Event Security Tips and Tactics For Public Safety Officers
Making a security plan for events, practicing it and changing it according to new technology is the only way to ensure execution.
After Super Bowl 50, March Madness and with the 2016 presidential race continuing, event security is responsible for lots of sleepless nights among public safety officials these days. Whether or not your school, university or hospital ever hosts an event rising to the level of a National Special Security Event as designated by the Department of Homeland Security, today’s societal realities require increased diligence and smarter risk management.
We have to change our mindset from one of denial, as in “it won’t happen here,” to one of preparedness. Institutions that do not have a comprehensive, proactive event security plan remain vulnerable and risk the subsequent fallout, including loss of life, litigation and public backlash.
Preparing for special events from a public safety and security standpoint adds additional complexity to ongoing campus security operations. But major events like VIP speeches and rock concerts are planned in advance, creating ample opportunity to prepare, explains Robert Connolly, chief of police for the Georgia Institute of Technology in Atlanta.
Last year, Georgia Tech hosted President Barack Obama in March and rock music legends the Rolling Stones in June. Based on his experience in security operations for such high-profile events as these, plus the 1992 Olympics and numerous Super Bowl and NCAA games over a 25-year career in law enforcement, Connolly says the fundamentals underpinning event security are having a plan and exercising that plan, because “words on paper have limited value if they aren’t tested.”
The Planning Never Ends
Security failures occur due to inadequate vulnerability assessments, poor planning against identified risks and lack of training and evaluation, says Jim Minninger, director of professional services for Integrated Security Systems in Harleysville, Pa., and a retired police sergeant.
“It’s important to take an all-hazards approach to identify anything that can affect business [or campus] continuity,” he says. “Crisis preparation is a living, breathing process that should never be static. Constant review and improvement is key, especially because the human element is the weak link.”
The first few minutes of an emergency are critical in determining the outcome, so both onsite and offsite responders need to know what’s happening, where it’s happening, who it’s affecting and what should be done in response. Human error can prevent fluid crisis response by impeding communication, which in turn leads to confusion, panic, delayed responses and costly mistakes. Such risks are amplified when hundreds – or thousands – of additional people convene for a special event.
Organizations such as the NFL and NCAA have very specific security requirements that their host venues must adhere to, as does the Secret Service if an event necessitates their involvement. They have developed detailed plans and protocols over time, and they continue to practice their skills and adjust their tactics accordingly.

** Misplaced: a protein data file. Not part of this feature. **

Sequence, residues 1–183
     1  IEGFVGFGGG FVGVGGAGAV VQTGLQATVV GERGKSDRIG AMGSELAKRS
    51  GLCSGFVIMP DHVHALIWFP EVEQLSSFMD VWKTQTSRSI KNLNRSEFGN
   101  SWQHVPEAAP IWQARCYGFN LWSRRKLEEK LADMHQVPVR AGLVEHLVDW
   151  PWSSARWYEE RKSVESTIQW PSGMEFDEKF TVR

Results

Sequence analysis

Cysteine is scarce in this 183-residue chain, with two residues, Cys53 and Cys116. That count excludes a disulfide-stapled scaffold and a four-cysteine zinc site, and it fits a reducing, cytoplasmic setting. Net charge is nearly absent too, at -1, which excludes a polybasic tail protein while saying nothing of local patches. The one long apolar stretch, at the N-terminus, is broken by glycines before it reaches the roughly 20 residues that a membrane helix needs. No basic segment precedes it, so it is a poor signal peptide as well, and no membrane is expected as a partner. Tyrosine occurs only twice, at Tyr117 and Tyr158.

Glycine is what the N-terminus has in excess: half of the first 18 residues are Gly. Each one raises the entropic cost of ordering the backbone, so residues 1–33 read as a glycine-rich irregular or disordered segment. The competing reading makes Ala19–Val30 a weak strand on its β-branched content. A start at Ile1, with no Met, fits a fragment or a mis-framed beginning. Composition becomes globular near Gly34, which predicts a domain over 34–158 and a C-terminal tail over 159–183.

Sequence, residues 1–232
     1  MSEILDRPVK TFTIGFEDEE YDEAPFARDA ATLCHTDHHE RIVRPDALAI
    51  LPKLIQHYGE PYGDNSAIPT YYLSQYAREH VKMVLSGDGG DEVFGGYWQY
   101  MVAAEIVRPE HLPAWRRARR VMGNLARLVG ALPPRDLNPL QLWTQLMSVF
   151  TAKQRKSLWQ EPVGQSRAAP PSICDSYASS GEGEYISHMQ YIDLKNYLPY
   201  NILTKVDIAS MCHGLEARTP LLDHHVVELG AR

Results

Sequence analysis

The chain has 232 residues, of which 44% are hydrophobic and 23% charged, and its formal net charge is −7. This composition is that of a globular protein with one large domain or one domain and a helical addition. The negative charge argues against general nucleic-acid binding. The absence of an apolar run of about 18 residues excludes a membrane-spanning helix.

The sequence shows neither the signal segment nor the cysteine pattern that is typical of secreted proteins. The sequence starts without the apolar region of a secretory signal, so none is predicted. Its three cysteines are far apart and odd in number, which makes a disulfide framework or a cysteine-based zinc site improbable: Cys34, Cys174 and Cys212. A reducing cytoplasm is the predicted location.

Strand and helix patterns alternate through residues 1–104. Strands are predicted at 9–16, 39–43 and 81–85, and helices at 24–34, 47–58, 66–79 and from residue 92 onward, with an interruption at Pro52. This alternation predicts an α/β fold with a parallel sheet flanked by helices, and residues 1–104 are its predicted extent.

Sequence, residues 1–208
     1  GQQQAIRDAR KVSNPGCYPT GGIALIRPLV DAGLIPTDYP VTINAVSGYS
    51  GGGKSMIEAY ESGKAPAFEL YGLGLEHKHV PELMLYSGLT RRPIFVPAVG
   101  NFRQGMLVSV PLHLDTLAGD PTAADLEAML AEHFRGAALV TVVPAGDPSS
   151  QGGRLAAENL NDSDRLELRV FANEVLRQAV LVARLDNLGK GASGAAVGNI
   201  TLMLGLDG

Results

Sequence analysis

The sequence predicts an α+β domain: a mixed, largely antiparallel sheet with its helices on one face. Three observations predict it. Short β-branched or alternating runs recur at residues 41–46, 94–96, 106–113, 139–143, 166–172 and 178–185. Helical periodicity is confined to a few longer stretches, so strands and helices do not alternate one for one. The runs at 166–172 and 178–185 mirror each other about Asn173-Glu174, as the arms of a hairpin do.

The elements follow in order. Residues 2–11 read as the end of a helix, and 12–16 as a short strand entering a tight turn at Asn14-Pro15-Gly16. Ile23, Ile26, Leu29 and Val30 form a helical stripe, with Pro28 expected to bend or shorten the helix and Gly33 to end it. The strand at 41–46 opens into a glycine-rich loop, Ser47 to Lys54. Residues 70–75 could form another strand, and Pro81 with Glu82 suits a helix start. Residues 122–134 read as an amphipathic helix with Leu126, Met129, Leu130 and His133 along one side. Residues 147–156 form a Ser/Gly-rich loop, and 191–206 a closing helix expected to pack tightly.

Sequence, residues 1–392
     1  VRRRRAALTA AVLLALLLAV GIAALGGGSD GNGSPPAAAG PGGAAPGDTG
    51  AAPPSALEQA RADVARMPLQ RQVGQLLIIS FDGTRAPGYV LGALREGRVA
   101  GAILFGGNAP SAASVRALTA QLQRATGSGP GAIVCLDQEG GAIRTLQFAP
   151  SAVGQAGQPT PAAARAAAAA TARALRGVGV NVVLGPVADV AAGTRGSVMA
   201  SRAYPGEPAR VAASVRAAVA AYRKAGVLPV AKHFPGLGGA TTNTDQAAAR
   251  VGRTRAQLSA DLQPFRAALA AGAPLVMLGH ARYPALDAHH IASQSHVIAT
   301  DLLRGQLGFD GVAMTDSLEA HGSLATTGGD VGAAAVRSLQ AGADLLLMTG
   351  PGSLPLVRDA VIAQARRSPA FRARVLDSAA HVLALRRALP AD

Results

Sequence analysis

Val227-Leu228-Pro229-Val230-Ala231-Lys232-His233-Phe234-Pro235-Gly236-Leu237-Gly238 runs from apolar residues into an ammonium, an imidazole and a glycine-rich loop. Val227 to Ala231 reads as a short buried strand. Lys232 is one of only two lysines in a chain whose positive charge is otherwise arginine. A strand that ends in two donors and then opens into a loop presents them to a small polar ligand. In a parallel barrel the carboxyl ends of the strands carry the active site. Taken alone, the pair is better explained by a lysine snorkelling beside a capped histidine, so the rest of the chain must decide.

For example, the Paris terror attacks in November have prompted police to change how they respond to an active shooter by “going forward” rather than standing back to negotiate. Washington, D.C. Police Chief Cathy Lanier said in a CBS interview that police departments are also now telling the public to “run, hide or fight” to increase the chance of surviving an active shooter. She acknowledged that’s a big, but necessary, shift from the “don’t intervene, call 9-1-1” mantra of days gone by.
“You can’t be complacent,” Connolly notes. “Security threats, tactics and technology are dynamic, so campuses have to change with them.”
Therefore, you need to evaluate and test all of your regular security measures in addition to what is required for a special event. For instance, how will you credential media? How will you manage both vehicle and pedestrian traffic? What about transportation and parking? Are you equipped for medical emergencies? Connolly also stresses the importance of vetting and training event staff, volunteers and vendors.
“Communicate, collaborate and coordinate,” adds Connolly. Hold regular meetings and work with other schools and law enforcement agencies in the region to share resources and best practices. But Minninger cautions against just cutting and pasting another institution’s policies and procedures into your own organization’s plans.
“Your security and emergency operations plans have to be specific to your campus and its unique characteristics and vulnerabilities, then evaluate their success by testing them and making necessary changes.”
Table-top, functional and full-scale exercises should be part of training. Postevent reviews also are critical, according to Connolly. These will be required by the likes of the NCAA, but “any campus should make such after-action reports a standard practice.”
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